The GI tract is a finely balanced environment where roughly 500 different strains of bacteria compete for space and nutrients. When there is a healthy balance (eubiosis), few symptoms exist. However, dysbiosis can occur when an overabundance of potentially harmful organisms prevail. The natural microflora balance can become disrupted by medications (such as antibiotics, oral contraceptives, etc.), excessive alcohol consumption, or poor dietary intake.
Probiotics have been extensively studied and are characterized as having broad GI and immune benefits, including (1) increasing the population of healthy bacteria following microflora imbalance; (2) supporting healthy bowel function; (3) increasing the production of short-chain fatty acids, which provide energy to the cells of the intestinal lining; (4) strengthening the gut-immune barrier by promoting a healthy gut mucosa; (5) aiding in the digestion of difficult-to-breakdown compounds like lactose and casein; and (6) enhancing detoxification of harmful compounds.
Because probiotics are live organisms, there are many challenges associated with manufacturing and distributing probiotic supplements. For a probiotic to be effective, it must be shelf-stable through the expiration date and precisely delivered to the intestinal tract, where it can have maximum benefit. The microorganisms in Probiotic 225 are protected, sealed, and freeze dried away from moisture, heat, light and oxygen. This allows the bacteria to remain dormant until they are exposed to moisture in the GI tract.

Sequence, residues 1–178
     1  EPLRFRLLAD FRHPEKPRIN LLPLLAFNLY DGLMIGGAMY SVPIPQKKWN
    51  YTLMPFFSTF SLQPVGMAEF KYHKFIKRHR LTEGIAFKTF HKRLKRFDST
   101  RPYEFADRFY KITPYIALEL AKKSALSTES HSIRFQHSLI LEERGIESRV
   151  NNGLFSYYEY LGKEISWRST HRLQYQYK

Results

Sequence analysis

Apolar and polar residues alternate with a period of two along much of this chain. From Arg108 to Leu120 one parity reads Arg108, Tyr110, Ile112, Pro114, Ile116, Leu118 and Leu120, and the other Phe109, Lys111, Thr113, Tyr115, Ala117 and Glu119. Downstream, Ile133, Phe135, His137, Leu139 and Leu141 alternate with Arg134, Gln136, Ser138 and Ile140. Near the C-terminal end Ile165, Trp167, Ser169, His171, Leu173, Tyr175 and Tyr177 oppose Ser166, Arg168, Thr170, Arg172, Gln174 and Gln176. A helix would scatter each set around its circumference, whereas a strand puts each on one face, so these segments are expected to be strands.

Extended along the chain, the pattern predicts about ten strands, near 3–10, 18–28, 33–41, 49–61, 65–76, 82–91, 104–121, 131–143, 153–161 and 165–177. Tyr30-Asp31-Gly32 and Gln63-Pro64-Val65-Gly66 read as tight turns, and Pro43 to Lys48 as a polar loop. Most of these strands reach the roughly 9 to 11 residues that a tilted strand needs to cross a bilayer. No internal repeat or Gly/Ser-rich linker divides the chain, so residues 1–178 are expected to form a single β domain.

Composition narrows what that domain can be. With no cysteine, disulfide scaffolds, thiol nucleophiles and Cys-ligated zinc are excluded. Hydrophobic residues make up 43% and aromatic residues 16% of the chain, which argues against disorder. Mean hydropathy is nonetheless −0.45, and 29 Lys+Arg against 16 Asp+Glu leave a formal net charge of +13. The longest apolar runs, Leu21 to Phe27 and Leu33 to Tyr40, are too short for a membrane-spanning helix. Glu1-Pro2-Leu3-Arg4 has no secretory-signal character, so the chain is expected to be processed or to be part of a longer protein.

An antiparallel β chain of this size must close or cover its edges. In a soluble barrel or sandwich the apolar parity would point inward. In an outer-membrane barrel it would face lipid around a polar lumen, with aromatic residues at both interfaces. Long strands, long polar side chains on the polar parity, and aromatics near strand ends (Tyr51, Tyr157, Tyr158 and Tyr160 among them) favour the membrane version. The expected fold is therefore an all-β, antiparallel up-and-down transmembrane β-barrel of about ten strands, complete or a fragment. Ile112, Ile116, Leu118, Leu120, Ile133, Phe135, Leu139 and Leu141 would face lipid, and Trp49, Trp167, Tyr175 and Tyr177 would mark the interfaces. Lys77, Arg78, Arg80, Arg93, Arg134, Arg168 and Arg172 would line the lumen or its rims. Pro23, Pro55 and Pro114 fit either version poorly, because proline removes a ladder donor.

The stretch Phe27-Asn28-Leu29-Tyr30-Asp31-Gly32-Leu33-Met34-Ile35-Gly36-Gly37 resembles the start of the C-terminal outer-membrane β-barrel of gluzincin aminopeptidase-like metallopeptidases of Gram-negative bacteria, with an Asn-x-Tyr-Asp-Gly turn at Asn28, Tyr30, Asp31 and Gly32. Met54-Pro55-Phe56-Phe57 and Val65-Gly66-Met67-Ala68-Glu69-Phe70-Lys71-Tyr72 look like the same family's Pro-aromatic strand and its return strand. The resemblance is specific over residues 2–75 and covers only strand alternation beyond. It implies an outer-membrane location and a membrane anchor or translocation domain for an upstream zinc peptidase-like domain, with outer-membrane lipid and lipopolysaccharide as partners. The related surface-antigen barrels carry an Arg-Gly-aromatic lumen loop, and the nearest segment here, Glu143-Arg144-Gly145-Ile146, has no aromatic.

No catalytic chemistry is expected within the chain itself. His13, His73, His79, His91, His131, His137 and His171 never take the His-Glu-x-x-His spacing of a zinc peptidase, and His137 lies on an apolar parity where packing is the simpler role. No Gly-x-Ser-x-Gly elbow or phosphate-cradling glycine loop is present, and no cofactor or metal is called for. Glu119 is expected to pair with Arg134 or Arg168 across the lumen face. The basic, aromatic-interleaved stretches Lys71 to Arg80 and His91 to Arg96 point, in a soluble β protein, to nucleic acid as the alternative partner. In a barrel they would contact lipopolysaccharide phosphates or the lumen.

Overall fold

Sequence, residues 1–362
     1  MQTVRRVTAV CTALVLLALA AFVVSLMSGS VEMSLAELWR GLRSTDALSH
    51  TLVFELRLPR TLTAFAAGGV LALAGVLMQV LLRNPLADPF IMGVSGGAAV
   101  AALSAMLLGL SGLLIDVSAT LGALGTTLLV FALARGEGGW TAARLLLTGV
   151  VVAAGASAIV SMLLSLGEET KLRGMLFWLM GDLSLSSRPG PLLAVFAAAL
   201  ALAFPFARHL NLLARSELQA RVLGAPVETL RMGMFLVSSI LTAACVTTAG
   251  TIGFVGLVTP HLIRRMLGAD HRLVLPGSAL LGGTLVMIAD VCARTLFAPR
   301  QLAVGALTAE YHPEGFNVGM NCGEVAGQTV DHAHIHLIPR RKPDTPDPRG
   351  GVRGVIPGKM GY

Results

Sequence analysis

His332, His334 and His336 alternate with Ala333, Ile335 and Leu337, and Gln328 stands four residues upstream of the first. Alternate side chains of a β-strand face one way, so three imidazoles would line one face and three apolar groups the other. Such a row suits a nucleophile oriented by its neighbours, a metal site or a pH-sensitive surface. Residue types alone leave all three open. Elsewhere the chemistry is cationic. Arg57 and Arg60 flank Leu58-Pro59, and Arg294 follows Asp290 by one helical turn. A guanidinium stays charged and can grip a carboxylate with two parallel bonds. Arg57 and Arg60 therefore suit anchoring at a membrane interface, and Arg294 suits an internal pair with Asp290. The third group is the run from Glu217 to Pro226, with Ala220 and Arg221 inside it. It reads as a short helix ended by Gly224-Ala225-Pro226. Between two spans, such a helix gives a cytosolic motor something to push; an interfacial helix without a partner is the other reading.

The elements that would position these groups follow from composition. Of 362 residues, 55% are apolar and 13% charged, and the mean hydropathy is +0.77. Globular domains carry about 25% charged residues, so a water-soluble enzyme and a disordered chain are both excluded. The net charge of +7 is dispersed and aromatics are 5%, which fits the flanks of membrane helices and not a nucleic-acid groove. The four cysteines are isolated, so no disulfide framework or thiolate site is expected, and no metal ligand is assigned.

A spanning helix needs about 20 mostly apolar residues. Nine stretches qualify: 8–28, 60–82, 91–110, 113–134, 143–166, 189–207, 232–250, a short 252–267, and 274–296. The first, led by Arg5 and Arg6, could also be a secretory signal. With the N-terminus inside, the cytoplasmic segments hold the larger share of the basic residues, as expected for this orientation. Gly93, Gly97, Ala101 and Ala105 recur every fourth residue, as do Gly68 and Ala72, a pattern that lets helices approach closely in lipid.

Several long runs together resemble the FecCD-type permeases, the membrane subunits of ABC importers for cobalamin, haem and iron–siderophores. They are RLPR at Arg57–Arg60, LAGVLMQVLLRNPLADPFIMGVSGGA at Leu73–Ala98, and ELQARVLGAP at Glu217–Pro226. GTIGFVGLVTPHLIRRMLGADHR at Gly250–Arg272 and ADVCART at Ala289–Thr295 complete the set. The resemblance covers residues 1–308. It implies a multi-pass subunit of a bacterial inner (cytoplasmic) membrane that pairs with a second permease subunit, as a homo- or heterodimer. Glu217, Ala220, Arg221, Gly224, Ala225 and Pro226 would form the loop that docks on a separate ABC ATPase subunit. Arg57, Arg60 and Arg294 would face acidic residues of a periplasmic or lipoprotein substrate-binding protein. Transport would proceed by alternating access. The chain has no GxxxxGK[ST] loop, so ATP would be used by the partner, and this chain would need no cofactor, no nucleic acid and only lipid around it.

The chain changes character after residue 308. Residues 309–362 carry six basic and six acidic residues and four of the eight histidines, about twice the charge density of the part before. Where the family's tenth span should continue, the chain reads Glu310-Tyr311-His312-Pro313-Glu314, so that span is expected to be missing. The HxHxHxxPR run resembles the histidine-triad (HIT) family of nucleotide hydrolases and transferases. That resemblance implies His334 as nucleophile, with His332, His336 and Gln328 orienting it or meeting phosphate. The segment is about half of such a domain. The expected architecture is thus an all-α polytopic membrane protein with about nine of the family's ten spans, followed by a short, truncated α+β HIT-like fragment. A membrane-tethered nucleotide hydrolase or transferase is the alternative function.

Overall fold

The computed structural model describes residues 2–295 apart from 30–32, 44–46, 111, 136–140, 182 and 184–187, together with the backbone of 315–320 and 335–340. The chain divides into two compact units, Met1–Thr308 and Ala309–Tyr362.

Lactobacillus acidophilus (La-14)†
Lactobacillus acidophilus is a beneficial bacteria strain that is normally found in the intestinal tract and mouth, and is commercially used in dairy products for the production of acidophilus-type yogurt. L. acidophilus ferments various carbohydrates to produce lactic acid, which increases the absorption and bioavailability of minerals, including calcium, copper, magnesium and manganese. The production of lactic acid also promotes health by creating an inhospitable environment for invading microbes.1 L. acidophilus has been shown to protect intestinal cells by competing for adhesion space in the gut against harmful bacteria, such as E. coli. The L. acidophilus strain in Probiotic 225 has been specifically chosen because of its strong adherence and survival attributes in the GI tract. It has been demonstrated in vitro to tolerate exposure to gastric acid and bile salts, and has the ability to withstand antibiotics including Ciproflaxin, Polymyxin B and Tetracycline.2
Lactobacillus plantarum (Lp-115)†
Lactobacillus plantarum is a beneficial bacteria commonly found in fermented foods including sauerkraut, pickles, brined olives and sourdough. L. plantarum has been found to compete against strains of Clostridium difficile and Clostridium perfringens, due to the production of bacteriocins (lethal proteins) that inhibit bacterial growth.3 Studies have demonstrated that L. plantarum helps boost the immune response by stimulating Th1-mediated immunity.4 Bifidobacterium lactis (BI-04)† Bifidobacterium lactis is predominantly found in the colon. A double-blind, randomized placebo-controlled trial on subjects receiving B. lactis or placebo for eight weeks found that B. lactis supported a balanced immune response in individuals hypersensitive to environmental allergens.5 Studies examining immune development and dietary supplementation with B. lactis have shown that it supports GI health by reducing intestinal permeability.6
Lactobacillus salivarius (Ls-33)†